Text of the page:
As I said before, I had no intentions of attending San Diego Comic Con (SDCC) – certainly not as an exhibitor. My books sell much better at other conventions for less overhead cost to me. The audience for this show is there for the spectacle of it all, for the tween-movie premiers and for the major announcements in pop culture. I don’t bring any of this to the table (pun intended), so they’re not there to see me. I’m also not a fan of how little space comic book publishers and even resellers get in comparison to other pop culture phenomenons – I think that Dexter had a booth this year. SDCC just serves no purpose for me. Well, maybe not.
The best part of going to SDCC for me yesterday was seeing friends that I only see at shows. That was great. These are generally people that do or are aspiring to do what I want to do. These are people that I’ve worked on projects with and these are people that I want to continue to work with or be influenced by. It was great to see everyone that I already knew on our panel and to meet some new faces. SDCC also makes it possible for CCI, their parent company to put on what I consider to be better comic book shows, like WonderCon and APE. Both WonderCon and APE have thriving small press and artist alleys. There is no doubt that either of these shows are about comic books.
At SDCC yesterday, artist alley felt more like artist ghetto and it felt like small press had become “the press against the back wall”. Neither my wife or I could find where it started. One could argue that was a good thing – “the indies are out there competing with the big dogs.” But what it meant is that I could not find small press when I wanted to and that they were blotted out by the hustle and bussle around resellers and other exhibitors selling tchotckes. I will say that I did notice that there were several booths out on the floor that were what I would normally call small or medium press. Although I may have missed them in previous years, examples of these were Neko Press and 2000 AD. Later, I found out via their panel that there was a First Comics booth. I was never able to seek out their booth in the maze of SDCC because I had to stay in the room for the panel I was speaking at.
There were definitely some some amusing, interesting and pretty cool panels. Comixology, a digital platform that I walked away from as a publisher because they did not seem to have time for my small company had a panel where they were talking to creators about how to make work for their application(s). However, most of the panel was interrupted by constant technical difficulty in getting their MacBook Air to synch with the local projector system. In the end, they were able to use an overhead projector to show the screen of the computer. A panel I caught the end of was Graphic Novels: The Bookstore Crowd. This panel was fun and reminded me of how panels that I’m on usually go: lots of talk about how they made it and recommendations to others on how to get your books read. There were lots of sweet stories about working hard and persevering.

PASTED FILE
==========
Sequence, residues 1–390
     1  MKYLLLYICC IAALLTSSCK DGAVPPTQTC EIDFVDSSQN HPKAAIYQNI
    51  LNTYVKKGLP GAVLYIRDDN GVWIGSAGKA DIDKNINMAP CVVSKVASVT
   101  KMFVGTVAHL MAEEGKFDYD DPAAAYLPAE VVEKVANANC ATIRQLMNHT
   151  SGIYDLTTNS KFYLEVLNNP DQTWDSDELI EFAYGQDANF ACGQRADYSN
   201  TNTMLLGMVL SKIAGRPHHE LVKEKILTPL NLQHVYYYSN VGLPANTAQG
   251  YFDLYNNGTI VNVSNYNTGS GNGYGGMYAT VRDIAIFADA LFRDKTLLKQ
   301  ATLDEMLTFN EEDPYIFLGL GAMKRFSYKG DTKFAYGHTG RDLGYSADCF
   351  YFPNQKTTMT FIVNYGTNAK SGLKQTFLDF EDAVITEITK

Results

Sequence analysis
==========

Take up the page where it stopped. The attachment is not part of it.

The last panel I was able to attend was the First Comics panel I mentioned above. It was nice to see them talking about their books because they are all so interesting and unique. It was also nice because that’s where I first heard that First Comics was going to publisher The Drude by a comic book buddy of mine, Omaha Perez. The panels were by far, the best part of the show. Our panel went as they always do: we talked about how we broke into the industry, what we’re working on and then we answered as many questions form the audience as possible. It never ceases to amaze/amuse me how of the question of how to find artists comes up – I always tell those writers to just look around the room.
So, SDCC12 reminded me about why I’m not necessarily a fan of that particular show. It’s intensely packed and busy – there is serious sensory overload. But it also gave me a chance to talk to friends and family. It also allowed me to get in front of people and tell them why I’m involved in comics but also how I keep going in the comic book industry. While that part was refreshing, I also walked away form the show feeling like I had no spent all the money I wanted to, all the money I could have. I just was not able to find enough unique and interesting comics to satiate my thirst. And so, I find myself holding onto my belief that I will never attend SDCC as an exhibitor unless someone else is paying the bills.